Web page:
6 Things You Probably Do, But Shouldn’t When Networking
Networking is one of those things in business you love to hate. For some people it comes naturally. For others, it’s a chore. But in business it is necessary. Relationships are the root of all business transactions and should be cultivated and nurtured.
For everything you need to know about networking, “Never Eat Alone” by Keith Ferrazzi is a must read. In fact it’s one of my favorite business books of all time. Keith stresses that you should constantly be inviting people out for lunch and coffee and growing your relationships with people. Think about how you can help them and add value to their lives. Naturally they will want to return the favor at some point.
While Keith stresses that we should incorporate networking into our daily lives, I’d like to talk specifically about networking events. I’ve been to quite a few in my time here in NJ this past year and I’ve met so many amazing people including my fellow #momboss ‘s and style influencers. And based on “Never Eat Alone” and from my personal experiences here are some things you probably do but shouldn’t at these types of events.
– don’t bring a guest – I know it sounds intimidating to go alone, but when you bring a guest you use them as a crutch and end up talking to them the whole night. When you go by yourself, you’re forced to look outward and catch other people’s eye. You’ll have a better chance to talking to more people.
– don’t wait until the end of the panel to talk to the guest speakers or to hosts of the event. The speakers at an event are always publicized before. And they’re usually milling around before the panel starts. Do your homework, find out who they are and what they are about and start chatting with them from the getgo. Guaranteed after their talk, there will be a line of other attendees just waiting to talk to them and pick their brain. So get a head start and talk to them before. They will remember you.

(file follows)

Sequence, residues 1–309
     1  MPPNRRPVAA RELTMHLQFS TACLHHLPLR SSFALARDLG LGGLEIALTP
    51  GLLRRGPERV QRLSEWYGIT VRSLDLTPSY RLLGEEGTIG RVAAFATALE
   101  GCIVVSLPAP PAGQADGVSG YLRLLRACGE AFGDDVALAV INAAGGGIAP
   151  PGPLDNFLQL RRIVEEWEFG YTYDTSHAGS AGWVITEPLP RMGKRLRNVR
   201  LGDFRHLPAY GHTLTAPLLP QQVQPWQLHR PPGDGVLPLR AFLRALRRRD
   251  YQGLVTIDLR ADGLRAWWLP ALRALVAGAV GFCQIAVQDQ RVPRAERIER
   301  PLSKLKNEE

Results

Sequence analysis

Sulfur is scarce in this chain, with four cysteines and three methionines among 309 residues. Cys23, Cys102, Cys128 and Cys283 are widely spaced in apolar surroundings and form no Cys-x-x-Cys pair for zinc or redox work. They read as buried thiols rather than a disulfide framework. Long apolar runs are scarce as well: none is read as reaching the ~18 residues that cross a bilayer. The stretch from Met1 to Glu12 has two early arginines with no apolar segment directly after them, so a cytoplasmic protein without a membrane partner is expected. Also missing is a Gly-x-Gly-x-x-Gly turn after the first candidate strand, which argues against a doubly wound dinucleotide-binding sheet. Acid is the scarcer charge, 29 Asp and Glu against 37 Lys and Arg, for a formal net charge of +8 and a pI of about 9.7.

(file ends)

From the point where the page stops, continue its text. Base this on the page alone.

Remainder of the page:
– don’t go on an empty stomach. Its so hard to chat and chew at the same time. Take advantage of this valuable time talking to people and working the room. Don’t waste your time holing yourself up at the food table. Plus I’m sure alcoholic beverages are involved and you definitely don’t want to be downing those on an empty stomach.
– don’t try to absorb everything spoken from the panel and assume you will remember everything. There is such a thing as information overload and mental notes in your head will be replaced with more current notes. Jot things down. Write down key takeaways from each speaker. Reference these later so you can take actionable steps and use these to improve yourself and/or your business. And bonus points if you recap these same takeaways back to the speaker. Message them after the event and talk about how you loved when they talked about “—-” and recap your notes. It shows them that you were engaged and listening. This will only solidify your relationship.
– don’t get too comfortable. Congrats – you found yourself a new friend at the event that you have so much in common with. You can exchange numbers and promise to meet for a follow up drink/coffee but don’t stick with them the whole night. Save those longer conversations for your next meeting. Go find yourself more people to meet.
– don’t come without knowing the guestlist. Do your research and try to find out who else is going to the event. I like to stalk social media posts surrounding the event and I read through the comments trying to gauge potential attendees. And I pinpoint who I’d like to meet so I can make sure I look for them at the event. Be strategic about your time at the event. Face to face time with people is important. You bypass all the gatekeepers when you see them directly at an event so use this time wisely.